Another role of ssrA in Salmonella pathogenesis may be its effect on the expression of virulence functions since RNA molecules are known to control protein production at the transcriptional (e.g., transcriptional silencing [50]) and posttranscriptional (e.g., antisense [12, 22]), anti-antisense [36], and mRNA decay [32, 43] mechanisms) levels. Moreover, small RNA molecules which control the expression of virulence genes and functions have been identified for several pathogens including (i) tRNA molecules implicated for translation of virulence genes within pathogenicity islands of uropathogenic E. coli (17, 42) and type 1 fimbriae in Salmonella spp. (9, 52); (ii) RNAIII, a global Staphylococcus aureus regulator involved in the expression of several extracellular toxins and cell surface proteins (39); and a putative Erwinia carotovora RNA molecule, AepH, an activator of extracellular proteases involved in tissue maceration in plant hosts (38).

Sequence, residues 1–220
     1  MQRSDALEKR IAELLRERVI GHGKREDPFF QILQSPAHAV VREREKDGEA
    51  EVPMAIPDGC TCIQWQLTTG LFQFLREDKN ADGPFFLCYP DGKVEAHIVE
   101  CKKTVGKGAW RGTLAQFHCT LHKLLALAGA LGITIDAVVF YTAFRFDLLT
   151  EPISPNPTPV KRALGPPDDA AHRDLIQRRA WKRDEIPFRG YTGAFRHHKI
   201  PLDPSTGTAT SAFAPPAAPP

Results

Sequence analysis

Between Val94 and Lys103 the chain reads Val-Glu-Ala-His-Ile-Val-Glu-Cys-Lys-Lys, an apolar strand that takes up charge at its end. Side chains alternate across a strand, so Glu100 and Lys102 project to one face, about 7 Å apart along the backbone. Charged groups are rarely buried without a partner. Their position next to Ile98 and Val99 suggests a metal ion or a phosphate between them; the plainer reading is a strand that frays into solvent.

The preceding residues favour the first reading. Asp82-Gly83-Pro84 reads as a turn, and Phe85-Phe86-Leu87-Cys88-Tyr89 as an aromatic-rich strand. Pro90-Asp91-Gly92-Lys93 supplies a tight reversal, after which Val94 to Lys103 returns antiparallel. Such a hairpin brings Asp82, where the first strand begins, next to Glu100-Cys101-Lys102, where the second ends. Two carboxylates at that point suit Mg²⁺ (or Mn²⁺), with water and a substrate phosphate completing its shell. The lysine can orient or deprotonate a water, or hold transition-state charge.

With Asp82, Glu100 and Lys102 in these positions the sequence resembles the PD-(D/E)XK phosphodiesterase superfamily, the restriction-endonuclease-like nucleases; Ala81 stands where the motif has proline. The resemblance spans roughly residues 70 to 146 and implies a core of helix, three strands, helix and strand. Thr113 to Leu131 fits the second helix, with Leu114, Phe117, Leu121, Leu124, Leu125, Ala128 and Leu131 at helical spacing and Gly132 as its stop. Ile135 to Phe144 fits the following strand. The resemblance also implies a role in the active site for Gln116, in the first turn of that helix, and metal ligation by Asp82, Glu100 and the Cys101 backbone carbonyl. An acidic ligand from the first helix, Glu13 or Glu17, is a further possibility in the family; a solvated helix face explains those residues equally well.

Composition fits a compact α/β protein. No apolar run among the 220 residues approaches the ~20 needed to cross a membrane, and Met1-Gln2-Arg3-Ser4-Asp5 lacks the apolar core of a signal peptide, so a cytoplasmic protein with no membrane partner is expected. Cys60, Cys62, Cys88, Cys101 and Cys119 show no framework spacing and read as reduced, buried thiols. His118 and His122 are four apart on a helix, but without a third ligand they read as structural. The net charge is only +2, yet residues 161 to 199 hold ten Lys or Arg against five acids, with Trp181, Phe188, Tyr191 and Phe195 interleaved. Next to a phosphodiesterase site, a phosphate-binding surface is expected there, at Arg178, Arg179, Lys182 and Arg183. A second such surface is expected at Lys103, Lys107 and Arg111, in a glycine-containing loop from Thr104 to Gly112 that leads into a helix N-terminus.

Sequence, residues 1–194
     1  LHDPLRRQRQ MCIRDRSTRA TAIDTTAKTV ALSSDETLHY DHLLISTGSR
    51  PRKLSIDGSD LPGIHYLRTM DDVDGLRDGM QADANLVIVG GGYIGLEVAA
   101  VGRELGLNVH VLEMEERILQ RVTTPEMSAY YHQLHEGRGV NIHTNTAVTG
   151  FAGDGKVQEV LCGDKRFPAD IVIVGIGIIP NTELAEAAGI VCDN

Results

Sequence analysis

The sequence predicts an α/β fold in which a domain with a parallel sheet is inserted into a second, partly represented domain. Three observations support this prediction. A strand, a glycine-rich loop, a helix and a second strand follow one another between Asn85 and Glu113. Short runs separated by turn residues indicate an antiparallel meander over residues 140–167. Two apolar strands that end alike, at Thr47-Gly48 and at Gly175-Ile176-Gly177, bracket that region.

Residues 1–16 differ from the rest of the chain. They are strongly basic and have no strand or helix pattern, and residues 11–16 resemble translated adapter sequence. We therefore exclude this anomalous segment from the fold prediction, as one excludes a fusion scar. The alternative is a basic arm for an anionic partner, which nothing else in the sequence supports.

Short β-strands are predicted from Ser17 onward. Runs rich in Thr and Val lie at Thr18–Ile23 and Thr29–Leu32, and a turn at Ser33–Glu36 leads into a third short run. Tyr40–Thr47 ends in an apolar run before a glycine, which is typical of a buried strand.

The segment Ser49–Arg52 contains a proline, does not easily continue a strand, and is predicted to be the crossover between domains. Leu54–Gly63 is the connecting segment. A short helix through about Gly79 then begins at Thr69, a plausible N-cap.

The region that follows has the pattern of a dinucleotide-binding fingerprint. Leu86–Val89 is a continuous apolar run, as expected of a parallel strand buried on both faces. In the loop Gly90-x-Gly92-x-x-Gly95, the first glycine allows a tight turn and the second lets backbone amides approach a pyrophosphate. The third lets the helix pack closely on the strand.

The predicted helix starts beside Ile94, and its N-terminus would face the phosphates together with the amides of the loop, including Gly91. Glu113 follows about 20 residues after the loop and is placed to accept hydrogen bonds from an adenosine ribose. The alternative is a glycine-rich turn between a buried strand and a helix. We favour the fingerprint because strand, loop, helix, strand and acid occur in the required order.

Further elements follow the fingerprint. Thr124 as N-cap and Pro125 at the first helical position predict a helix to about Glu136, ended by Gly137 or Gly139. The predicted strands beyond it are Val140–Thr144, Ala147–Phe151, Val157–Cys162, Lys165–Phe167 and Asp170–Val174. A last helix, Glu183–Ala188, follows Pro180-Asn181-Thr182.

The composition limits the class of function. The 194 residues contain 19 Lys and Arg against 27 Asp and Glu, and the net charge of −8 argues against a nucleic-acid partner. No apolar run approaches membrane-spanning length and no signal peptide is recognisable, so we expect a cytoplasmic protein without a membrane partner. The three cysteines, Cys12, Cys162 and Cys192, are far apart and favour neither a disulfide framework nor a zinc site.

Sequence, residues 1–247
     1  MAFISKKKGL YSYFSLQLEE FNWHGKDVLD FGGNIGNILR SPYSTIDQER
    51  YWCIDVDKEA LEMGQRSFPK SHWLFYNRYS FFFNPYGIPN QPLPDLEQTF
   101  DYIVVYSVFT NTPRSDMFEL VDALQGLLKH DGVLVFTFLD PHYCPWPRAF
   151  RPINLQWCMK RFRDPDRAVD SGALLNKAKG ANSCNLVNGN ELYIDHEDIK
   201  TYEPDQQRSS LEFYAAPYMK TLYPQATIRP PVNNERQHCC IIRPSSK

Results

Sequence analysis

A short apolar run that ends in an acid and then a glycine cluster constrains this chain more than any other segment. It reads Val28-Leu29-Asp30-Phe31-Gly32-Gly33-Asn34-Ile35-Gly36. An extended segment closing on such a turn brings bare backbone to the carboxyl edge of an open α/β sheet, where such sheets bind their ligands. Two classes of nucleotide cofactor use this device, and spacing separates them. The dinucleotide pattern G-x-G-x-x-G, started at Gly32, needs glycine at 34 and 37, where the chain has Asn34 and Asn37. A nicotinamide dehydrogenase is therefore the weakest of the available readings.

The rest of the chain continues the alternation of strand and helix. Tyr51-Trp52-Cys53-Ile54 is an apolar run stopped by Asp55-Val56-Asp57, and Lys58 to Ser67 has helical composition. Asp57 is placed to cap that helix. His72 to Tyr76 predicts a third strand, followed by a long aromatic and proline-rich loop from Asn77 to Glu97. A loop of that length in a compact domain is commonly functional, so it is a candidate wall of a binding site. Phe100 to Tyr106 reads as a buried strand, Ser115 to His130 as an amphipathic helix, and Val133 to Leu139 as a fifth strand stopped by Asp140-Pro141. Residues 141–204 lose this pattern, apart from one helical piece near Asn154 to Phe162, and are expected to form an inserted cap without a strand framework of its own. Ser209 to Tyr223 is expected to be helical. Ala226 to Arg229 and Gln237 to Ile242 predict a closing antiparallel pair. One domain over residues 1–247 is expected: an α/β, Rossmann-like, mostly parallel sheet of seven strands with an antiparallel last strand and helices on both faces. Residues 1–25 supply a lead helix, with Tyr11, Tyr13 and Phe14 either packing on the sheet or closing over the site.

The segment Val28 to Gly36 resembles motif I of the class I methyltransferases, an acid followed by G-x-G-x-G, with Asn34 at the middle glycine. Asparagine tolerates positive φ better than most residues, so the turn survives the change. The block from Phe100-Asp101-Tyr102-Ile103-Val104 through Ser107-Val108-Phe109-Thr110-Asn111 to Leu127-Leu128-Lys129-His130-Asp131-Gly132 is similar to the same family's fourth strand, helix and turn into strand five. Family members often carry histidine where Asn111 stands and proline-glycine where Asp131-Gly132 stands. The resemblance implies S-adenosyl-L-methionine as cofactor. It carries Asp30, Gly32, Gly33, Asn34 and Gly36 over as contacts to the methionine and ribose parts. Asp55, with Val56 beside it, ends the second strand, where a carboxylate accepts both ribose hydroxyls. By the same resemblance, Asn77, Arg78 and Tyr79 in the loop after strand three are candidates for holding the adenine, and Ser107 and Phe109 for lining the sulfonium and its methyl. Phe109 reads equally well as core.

Similarly, a subset of the ssrA-regulated genes identified in this work are required for or implicated in virulence: vacB is an RNase R which regulates the production of proteins required for invasion, intracellular dissemination, and macrophage apoptosis in Shigella flexneri (6, 28); f304 is contained within a pathogenicity island in uropathogenic E. coli strain CFT073, and its presence has been correlated with more acute clinical symptoms (16, 24); dedE is required for the production of the toxin colicin V (14); and yoaA encodes a homologue of the dinG family of DNA helicases involved in the bacterial SOS response (31). Additionally, ssrA may affect the expression of other virulence genes in Salmonella.